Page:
byzantine

The term Byzantine was first applied to the eastern Roman Empire by historians in the 16th century, decades after the Fall of Constantinople to the forces of Mehmed II of the Ottoman Empire on 29 May, 1453. The term is used to describe any work, law, or organization that is excessively complex or difficult to understand (see also Baroque).

The Byzantine Empire, sometimes known during its early phase as the Eastern Roman Empire, acquired a negative reputation among historians of the 18th century and 19th century because of the complex organization of its ministries and the elaborateness of its court ceremonies, as well as for its supposed lack of backbone in martial affairs.

However, many of the Byzantine emperors of the Middle and Late Empire were full-time military commanders - several of them being men of letters as well - and might well have shown little patience with elaborate court ceremonies.

This reputation originated, according to the medievalist Steven Runciman, from the relations of medieval Europe with this mighty power: "Ever since our rough crusading forefathers first saw Constantinople and met, to their contemptuous disgust, a society where everyone read and wrote, ate food with forks and preferred diplomacy to war, it has been fashionable to pass the Byzantines by with scorn and to use their name as synonymous with decadence."

By the 18th century refinement and polite manners were no longer considered effeminate, so writers like Edward Gibbon and Charles de Secondat, Baron de Montesquieu searched for a new justification for their prejudice against this civilization. Gibbon found it in the scholarly works of the emperor Constantine VII Porphyrogenitos (905 - 959, reigned 913 - 959) , and seized upon the pedantic style of this invalid and bookish ruler, who was forced to pass most of his reign as a figurehead. Exploiting this source to confirm his own preconceptions, Gibbon thus gave new life to an oversimplified view of a "decadent" Byzantium.

In the 19th century, this reputation was cemented and quite obvious in the writings of the historian William Lecky:

"Of that Byzantine empire, the universal verdict of history is that it constitutes, without a single exception, the most thoroughly base and despicable form that civilization has yet assumed. There has been no other enduring civilization so absolutely destitute of all forms and elements of greatness, and none to which the epithet "mean" may be so emphatically applied...The history of the empire is a monotonous story of the intrigues of priests, eunuchs, and women, of poisonings, of conspiracies, of uniform ingratitude."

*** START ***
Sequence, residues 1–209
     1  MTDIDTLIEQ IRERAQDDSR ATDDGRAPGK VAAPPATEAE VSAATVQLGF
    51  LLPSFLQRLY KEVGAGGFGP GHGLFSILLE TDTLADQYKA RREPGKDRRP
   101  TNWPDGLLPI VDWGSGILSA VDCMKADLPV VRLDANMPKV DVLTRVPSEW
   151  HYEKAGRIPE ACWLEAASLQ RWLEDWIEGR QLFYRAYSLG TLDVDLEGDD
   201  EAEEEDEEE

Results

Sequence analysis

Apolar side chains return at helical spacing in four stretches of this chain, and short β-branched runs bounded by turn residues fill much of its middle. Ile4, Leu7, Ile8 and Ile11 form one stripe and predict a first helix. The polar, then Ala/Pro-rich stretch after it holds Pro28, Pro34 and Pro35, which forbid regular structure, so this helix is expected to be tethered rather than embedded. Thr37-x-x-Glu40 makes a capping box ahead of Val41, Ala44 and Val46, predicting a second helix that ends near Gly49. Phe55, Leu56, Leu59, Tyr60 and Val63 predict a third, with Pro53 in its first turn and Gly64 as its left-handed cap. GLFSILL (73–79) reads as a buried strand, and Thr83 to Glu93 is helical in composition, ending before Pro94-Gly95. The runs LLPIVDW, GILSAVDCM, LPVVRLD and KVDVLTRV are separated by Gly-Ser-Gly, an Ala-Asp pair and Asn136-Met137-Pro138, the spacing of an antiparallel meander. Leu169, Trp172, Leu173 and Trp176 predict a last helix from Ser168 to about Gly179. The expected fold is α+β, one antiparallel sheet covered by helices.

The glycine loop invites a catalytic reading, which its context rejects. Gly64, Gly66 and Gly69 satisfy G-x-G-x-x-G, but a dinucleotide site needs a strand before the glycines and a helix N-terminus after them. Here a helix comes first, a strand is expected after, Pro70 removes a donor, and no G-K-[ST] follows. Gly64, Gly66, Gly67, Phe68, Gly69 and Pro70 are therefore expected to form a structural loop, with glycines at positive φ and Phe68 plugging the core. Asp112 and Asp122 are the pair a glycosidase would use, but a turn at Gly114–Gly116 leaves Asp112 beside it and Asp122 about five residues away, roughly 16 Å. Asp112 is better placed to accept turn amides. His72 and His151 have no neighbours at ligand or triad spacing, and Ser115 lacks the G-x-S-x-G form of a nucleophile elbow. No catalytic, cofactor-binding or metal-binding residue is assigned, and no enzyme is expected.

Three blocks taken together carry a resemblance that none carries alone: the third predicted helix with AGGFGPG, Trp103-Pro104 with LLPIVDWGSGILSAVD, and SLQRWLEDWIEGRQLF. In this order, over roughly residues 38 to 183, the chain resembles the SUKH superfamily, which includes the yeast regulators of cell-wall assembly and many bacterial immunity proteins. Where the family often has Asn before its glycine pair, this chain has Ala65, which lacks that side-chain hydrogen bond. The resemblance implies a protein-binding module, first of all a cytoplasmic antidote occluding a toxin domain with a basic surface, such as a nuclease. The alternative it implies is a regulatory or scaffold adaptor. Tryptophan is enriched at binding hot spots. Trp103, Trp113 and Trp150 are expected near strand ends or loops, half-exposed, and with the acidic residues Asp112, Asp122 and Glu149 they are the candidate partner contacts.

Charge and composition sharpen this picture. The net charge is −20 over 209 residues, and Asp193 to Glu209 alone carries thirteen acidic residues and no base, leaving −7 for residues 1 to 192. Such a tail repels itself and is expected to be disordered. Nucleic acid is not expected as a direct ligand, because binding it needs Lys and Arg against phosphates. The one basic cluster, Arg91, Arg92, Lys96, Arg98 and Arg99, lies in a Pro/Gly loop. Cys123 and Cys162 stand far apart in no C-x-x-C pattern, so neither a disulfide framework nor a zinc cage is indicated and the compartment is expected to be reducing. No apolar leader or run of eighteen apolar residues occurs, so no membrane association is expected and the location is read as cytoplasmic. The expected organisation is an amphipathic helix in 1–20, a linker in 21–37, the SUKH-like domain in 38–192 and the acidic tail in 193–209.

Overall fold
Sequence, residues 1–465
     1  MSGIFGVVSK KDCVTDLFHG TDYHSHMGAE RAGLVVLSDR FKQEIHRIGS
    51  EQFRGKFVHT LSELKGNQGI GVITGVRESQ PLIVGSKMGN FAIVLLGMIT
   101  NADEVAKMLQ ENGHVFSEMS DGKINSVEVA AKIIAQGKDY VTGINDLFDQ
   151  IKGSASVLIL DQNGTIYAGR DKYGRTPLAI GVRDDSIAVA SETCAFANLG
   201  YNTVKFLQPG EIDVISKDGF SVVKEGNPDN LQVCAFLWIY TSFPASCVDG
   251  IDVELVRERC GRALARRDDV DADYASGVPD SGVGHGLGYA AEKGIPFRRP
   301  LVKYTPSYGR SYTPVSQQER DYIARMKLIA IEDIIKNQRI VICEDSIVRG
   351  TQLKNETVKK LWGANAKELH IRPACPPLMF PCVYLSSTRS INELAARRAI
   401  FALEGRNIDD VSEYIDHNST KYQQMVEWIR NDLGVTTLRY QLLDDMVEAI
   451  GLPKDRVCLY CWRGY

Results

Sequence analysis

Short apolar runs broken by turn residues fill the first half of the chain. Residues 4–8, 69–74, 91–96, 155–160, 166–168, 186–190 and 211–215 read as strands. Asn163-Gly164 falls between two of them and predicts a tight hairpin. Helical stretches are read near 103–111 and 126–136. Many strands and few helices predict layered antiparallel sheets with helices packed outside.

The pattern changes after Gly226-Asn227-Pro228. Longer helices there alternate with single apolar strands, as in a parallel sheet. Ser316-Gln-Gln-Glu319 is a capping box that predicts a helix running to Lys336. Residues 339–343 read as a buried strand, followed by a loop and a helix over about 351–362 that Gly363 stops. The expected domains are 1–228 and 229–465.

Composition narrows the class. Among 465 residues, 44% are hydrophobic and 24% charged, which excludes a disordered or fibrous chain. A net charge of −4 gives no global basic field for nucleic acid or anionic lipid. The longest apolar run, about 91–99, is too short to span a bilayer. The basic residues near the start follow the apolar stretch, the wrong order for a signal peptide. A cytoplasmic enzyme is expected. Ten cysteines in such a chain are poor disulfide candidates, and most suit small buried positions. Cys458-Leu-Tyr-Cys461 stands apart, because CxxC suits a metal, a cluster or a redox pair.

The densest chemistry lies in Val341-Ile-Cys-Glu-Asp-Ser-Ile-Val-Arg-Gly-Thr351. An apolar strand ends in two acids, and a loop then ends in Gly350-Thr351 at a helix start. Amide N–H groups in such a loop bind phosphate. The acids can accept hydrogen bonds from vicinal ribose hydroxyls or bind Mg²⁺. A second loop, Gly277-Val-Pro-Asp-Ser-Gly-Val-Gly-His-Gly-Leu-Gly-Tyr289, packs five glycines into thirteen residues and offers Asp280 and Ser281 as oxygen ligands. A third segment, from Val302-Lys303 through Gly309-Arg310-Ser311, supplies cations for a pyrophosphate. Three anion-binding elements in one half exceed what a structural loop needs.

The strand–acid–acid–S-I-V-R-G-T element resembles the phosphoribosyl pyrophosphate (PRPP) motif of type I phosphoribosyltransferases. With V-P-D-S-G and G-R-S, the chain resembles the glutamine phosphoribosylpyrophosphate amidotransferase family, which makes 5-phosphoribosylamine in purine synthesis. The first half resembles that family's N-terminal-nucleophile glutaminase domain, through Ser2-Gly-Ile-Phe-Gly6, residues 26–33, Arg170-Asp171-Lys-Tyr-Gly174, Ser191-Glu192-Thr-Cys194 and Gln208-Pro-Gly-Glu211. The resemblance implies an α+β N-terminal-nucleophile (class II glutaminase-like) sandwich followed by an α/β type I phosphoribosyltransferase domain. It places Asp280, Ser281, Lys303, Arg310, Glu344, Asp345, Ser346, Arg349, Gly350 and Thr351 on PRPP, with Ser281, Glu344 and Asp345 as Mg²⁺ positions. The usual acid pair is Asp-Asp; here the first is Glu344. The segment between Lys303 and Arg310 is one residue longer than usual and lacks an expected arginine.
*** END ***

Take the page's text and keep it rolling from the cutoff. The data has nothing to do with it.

(A history of European Morals from Augustus to Charlemagne 2 vols. (London 1869) II, 13f.)

It is a view that was given further credence by the poetry of William Butler Yeats.

Likewise, the term "Byzantine" also suggests a penchant for intrigue, plots and assassinations and an overall unstable political state of affairs. In fact, the Empire was among the more stable political entities in history, surviving (albeit precariously and with continually-diminishing territory) for over a millennium after the Fall of Rome ended its Western counterpart. Its famous intrigues and turmoils were probably equal to that of contemporary Western Europe's unruly feudal states (and probably less when one includes the squabbles that turned into outright war), and occurred most often during relatively brief interregnums between strong dynasties. The very stability of the imperial state, however, probably undermined the creative impulses and innovation that characterized the early centuries of the Byzantine civilization, thus contributing to its eventual downfall.

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